Work on the long-awaited rehabilitation of the Kariba Dam wall, which hosts the giant Kariba Hydro-Electric Station that generates electricity for Zimbabwe and Zambia is set to commence in February 2017, the Zambezi River Authority (ZRA) has announced.
Addressing journalists in the southern Zambian town of Livingstone this week, ZRA chief executive officer, Munyaradzi Munodwafa, said work on the main component, which would be focused on a re-modelling of the plunge-pool to minimise a scouring of its foundations, would commence in February 2017 and continue up to early 2020.
Advanced repair works on all six spill-way gates around the dam wall are set to commence in July 2017 and continue up to July 2024. As of April 2015, the total project cost was estimated at US$ 294 million, which would be released in batches spread over the duration of the works.
“Tenders for the contractors to carry out works on the plunge pool will close on October 23, 2016, and for the sluice gates tenders will be opened in November while the bidder is expected to be appointed by June next year. Without functional sluices, the reservoir level cannot effectively be maintained to take into account the flood regime of the Zambezi River,” he said.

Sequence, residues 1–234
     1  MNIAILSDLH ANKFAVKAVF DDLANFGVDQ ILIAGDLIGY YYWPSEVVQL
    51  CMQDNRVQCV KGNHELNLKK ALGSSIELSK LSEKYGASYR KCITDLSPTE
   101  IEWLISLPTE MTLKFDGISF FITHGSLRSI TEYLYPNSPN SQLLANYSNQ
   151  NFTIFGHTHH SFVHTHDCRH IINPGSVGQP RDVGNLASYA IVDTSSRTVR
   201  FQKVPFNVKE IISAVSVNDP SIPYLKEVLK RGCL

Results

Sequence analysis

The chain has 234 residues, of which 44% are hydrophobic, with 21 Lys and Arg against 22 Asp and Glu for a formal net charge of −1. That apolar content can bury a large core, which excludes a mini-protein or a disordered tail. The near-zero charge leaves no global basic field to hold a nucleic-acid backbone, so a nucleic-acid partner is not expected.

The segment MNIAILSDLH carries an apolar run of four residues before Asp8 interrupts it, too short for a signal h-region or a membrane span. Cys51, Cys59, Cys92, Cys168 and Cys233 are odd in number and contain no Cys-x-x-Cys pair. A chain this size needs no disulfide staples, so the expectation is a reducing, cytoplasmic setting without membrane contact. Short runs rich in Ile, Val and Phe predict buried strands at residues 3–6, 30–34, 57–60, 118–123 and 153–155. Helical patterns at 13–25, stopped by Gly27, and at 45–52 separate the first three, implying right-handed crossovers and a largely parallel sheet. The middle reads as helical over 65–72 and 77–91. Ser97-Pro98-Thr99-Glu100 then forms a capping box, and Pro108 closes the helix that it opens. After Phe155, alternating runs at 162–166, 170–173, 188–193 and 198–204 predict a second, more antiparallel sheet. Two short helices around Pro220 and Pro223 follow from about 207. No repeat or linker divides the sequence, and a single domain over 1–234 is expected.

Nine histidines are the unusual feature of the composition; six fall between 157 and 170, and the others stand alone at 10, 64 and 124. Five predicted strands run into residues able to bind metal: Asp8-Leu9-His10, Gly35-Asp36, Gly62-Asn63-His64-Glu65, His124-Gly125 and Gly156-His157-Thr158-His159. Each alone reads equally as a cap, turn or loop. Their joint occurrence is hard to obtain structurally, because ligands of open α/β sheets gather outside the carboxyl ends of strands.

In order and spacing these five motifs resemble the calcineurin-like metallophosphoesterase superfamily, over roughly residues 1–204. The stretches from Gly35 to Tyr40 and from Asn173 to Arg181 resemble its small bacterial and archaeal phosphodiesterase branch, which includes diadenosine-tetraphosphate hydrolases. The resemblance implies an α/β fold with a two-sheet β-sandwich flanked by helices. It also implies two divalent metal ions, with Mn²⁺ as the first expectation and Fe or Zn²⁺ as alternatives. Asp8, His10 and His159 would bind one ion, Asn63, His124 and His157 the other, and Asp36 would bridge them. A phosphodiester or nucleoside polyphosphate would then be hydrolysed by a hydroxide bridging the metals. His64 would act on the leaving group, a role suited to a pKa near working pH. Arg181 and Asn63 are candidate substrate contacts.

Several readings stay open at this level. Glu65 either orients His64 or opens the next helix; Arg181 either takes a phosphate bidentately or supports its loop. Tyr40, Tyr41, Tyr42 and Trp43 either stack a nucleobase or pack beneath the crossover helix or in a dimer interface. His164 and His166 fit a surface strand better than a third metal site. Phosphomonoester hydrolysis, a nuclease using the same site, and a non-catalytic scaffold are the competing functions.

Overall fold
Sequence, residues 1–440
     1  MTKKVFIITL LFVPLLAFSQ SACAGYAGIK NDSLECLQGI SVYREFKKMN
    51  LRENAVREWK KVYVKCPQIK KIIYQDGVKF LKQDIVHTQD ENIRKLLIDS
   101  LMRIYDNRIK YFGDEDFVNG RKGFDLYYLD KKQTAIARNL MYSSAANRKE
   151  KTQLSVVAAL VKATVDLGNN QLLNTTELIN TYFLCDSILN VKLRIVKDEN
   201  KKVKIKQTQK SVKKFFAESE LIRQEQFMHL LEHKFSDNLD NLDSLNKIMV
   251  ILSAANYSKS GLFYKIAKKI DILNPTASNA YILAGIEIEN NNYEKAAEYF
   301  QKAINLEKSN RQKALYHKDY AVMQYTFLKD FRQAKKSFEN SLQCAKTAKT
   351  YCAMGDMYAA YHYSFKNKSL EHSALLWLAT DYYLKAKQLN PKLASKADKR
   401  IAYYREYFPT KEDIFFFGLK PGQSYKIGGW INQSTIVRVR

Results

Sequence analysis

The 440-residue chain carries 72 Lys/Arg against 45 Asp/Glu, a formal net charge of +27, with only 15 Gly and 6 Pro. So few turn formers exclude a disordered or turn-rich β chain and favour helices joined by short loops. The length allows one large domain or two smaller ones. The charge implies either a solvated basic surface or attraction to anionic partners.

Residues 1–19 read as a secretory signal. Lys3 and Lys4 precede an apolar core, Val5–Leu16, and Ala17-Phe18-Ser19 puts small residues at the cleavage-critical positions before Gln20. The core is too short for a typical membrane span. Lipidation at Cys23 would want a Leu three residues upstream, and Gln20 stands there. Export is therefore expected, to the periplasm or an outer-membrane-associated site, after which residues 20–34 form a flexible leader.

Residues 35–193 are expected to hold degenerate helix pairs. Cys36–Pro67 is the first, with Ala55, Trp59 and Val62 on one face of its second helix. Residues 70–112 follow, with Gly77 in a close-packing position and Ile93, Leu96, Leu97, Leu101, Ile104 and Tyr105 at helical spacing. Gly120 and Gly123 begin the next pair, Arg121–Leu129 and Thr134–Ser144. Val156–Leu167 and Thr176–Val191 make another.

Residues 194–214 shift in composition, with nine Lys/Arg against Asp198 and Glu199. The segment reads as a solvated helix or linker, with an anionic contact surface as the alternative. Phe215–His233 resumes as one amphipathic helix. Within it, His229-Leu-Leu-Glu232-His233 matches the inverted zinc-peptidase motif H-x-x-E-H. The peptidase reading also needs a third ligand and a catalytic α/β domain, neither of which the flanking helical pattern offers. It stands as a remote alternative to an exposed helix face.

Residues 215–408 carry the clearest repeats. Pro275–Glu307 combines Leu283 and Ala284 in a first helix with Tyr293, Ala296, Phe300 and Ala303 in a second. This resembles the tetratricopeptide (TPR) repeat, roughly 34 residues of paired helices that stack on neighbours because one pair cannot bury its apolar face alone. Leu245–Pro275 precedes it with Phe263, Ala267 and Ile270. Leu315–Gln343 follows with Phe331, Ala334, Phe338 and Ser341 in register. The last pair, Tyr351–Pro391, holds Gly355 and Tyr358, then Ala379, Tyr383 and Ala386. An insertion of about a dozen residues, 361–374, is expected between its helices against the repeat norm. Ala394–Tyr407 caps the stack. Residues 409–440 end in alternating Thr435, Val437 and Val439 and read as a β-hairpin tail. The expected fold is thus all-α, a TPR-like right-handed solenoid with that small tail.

The project was funded by partners who include the European Union, the World Bank, the African Development Bank and the government of Sweden to help the governments of Zimbabwe and Zambia avert a possible collapse of the dam wall.
Apart from economic losses arising from the destruction of the hydro-power investments, a collapse of the Kariba Dam wall would generate a regional humanitarian crisis arising from flooding.